Growing up in a Chinese-American community in downtown Sacramento, California, Paul C. Dong rose above adversity. He was the eldest child in a single-mother household and bore adult responsibilities as a youth growing up during the Depression. After serving in the U.S. Army during World War II, he inspired Harvey, his eldest son, to believe and achieve no matter the odds.
Currently a lecturer at the University of California, Berkeley, who has won teaching awards, Harvey faced discrimination when his father bought a home in a predominantly white Sacramento neighborhood during the 1950s. Some neighborhood kids hurled racial slurs at Harvey. He had never before experienced such verbal aggression, and he struggled to figure out that animosity, he said.
It was difficult to process the experience of discriminatory insults from peers, who added the injury of often misidentifying his ethnic background. This experience occurred during the United States’ wars, cold and hot, with China and Korea, and previously with Japan. The elder Dong was there for Harvey in deed and word as he faced adverse social relations.
“My dad urged me to not do anything about it,” Harvey said. “He encouraged me to study harder. His generation had gone through the experience of Chinese Exclusion and segregation,” referring to the law that prohibited all immigration from China until it was repealed in 1943. Despite his dad’s emphasis on pursuing a formal education, Harvey took a rebellious turn, common among youth finding their way in the world. He hung out with peers who lacked a school focus.
Eventually, though, he enrolled at UC Berkeley during the turbulent 1960s. Harvey even joined the Reserve Officers’ Training Corps program there briefly, following the example of his father and uncles. Their active duty had taken them to the Philippines as the United States fought Japan during World War II. Paul, who turns 100 this year, recently received a Congressional Gold Medal, awarded in recognition of his dedicated service during World War II.
“Dad, after he retired,” Harvey said, “provided his engineering expertise to my construction crew and me. He was super excited about that, helping us to draw up plans to use a pulley system to install heavy beams. He even helped design heat and ventilating systems.”
Harvey drew on his father’s construction expertise in a personal way, too. “I was interested in remodeling our apartment into a handicapped-accessible place for my wife, who uses a wheelchair,” Harvey said. “And he lent his construction design know-how. Later, when I took on a bigger task of building our own house, he enthusiastically helped. So when I went on into construction general contractor work, he was all for it.”
The elder Dong had worked as a mechanical engineer for the state of California for decades before retiring. “As kids, we never really knew what he did as an engineer—just that he was the breadwinner,” Harvey said. His dad’s example of working day in and day out impressed Harvey. “The idea of being a self-made person rubbed off on me,” he said.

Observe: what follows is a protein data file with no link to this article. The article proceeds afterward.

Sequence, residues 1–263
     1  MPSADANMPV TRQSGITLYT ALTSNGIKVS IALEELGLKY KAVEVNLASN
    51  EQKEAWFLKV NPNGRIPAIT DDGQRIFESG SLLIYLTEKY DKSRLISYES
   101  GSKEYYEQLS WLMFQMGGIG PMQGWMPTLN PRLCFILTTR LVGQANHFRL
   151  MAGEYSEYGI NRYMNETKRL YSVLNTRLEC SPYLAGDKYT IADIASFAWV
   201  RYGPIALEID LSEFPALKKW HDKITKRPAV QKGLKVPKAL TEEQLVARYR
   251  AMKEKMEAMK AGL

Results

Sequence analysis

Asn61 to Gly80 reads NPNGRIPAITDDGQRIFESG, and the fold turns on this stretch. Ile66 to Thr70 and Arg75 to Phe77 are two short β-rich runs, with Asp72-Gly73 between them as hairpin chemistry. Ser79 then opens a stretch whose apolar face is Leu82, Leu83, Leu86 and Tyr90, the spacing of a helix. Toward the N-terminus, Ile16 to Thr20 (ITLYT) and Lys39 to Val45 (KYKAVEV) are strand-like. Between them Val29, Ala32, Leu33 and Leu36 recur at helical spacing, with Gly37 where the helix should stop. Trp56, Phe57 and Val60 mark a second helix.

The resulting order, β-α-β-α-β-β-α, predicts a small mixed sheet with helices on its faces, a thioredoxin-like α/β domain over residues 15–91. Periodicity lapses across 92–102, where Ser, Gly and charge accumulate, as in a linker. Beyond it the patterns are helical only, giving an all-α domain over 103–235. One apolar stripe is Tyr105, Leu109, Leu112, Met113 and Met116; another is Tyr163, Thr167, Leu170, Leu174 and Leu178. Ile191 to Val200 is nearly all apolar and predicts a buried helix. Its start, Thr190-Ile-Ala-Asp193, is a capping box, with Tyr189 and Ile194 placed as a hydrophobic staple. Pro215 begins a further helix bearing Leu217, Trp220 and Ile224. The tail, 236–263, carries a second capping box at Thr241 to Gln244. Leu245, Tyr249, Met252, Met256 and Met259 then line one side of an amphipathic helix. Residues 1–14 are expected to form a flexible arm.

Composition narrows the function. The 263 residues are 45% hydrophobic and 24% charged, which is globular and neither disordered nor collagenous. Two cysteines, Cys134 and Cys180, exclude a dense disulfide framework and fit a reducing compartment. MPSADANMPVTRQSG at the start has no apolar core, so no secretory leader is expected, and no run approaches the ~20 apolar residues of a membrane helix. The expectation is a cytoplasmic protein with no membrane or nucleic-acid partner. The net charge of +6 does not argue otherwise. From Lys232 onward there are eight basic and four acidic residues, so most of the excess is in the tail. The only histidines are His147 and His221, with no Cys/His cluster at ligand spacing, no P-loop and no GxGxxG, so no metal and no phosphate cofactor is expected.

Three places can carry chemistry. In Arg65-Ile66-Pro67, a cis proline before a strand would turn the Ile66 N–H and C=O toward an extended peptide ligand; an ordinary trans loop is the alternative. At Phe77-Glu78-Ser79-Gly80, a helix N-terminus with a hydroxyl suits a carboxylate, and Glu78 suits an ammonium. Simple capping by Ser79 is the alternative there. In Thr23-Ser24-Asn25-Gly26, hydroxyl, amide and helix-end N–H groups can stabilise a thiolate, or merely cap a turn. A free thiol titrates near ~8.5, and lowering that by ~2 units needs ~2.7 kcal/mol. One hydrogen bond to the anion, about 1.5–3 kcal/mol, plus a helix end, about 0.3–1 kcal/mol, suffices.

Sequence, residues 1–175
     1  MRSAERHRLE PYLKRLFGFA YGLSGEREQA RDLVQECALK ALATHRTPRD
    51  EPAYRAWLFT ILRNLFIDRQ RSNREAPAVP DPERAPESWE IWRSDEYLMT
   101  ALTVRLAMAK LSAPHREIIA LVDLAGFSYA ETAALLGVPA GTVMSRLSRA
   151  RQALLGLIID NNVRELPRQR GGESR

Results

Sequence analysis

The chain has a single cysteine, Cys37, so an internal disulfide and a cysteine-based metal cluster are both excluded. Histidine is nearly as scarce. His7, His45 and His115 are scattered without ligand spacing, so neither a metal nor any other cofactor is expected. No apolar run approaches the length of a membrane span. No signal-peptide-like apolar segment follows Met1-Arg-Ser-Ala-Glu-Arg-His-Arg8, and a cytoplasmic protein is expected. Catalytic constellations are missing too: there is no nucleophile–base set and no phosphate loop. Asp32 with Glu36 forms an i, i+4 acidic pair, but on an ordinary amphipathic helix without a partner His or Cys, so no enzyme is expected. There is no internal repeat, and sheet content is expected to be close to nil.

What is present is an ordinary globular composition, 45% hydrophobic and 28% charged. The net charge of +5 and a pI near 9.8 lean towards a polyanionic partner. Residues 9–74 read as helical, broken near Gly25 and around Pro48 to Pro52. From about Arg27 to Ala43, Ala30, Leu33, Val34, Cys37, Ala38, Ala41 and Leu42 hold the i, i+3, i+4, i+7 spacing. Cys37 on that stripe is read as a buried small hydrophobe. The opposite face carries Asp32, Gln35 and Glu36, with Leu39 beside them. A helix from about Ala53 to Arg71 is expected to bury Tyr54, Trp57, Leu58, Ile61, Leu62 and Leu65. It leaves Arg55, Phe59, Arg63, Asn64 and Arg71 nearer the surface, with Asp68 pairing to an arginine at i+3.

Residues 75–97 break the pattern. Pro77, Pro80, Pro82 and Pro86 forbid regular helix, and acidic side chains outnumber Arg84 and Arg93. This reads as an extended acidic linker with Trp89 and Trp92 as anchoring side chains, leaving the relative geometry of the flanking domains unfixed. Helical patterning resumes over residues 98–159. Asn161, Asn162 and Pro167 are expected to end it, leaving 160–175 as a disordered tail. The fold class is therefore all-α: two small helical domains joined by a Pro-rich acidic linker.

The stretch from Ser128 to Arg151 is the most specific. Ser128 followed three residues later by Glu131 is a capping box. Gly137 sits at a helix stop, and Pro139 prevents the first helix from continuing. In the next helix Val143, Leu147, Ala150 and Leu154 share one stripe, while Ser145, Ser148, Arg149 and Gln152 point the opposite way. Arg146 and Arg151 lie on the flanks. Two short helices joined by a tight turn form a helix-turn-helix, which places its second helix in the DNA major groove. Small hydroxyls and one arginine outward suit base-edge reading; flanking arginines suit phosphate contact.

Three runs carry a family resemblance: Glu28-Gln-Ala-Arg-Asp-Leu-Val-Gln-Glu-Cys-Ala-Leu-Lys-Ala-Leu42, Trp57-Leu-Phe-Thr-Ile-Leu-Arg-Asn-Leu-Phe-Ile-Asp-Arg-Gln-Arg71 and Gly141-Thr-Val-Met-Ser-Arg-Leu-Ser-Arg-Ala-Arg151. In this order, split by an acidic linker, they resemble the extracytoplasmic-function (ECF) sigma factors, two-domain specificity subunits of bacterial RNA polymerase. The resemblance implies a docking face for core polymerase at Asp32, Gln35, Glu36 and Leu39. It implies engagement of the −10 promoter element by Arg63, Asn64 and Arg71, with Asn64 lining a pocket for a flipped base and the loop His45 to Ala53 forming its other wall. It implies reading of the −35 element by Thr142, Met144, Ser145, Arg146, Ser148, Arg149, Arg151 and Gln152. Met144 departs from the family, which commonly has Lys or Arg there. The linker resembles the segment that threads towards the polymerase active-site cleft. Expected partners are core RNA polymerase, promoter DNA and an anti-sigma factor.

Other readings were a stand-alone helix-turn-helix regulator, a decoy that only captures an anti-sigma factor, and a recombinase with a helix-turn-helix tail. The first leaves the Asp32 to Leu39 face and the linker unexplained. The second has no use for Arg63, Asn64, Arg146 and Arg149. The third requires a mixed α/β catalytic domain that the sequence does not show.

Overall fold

The elder Dong took advantage of the GI housing bill to purchase a home directly from a builder; at the time, there were restrictive racial covenants that discriminated against Chinese-Americans and other minorities who sought to buy real estate. “No Realtor would show him properties for sale,” Harvey said, “so Dad bought directly from a fellow veteran and home-builder.”
Harvey took a midlife interest in education, a pursuit that his dad had long supported. To this end, Harvey earned a doctorate at UC Berkeley in 2002, and he began a new career as a lecturer in the school’s Asian American and Asian Diaspora Studies Program. His father helped in that undertaking, inspiring Harvey to dig ever deeper into his research and teaching of Asian-American history and issues that concern the Chinese-American community today.
“Dad helped me to translate old Chinese-language newspapers,” Harvey said. “We communicated very well on that.”
The elder Dong had a lifelong love of learning that rubbed off on Harvey. “As a young person, he had secured a study place in the family’s one-bedroom apartment,” Harvey said. “Dad carved a small piece out of a wall to find a quiet spot for his studies. My aunt got a kick out of that, as she thought that Dad had broken the law.”
One thing is certain: Paul was there for Harvey, his country, and his family when it mattered.
“Dad struggled and succeeded,” Harvey said. “He had the idea that his kids could do the same thing, which we did growing up.”
The apples do not fall far from the tree. Like dad, like son.
Seth Sandronsky is a freelance journalist based in Sacramento, California, married to a wonderful woman for the past 37 years. In a previous lifetime, he was a Division II college football player and competitive powerlifter.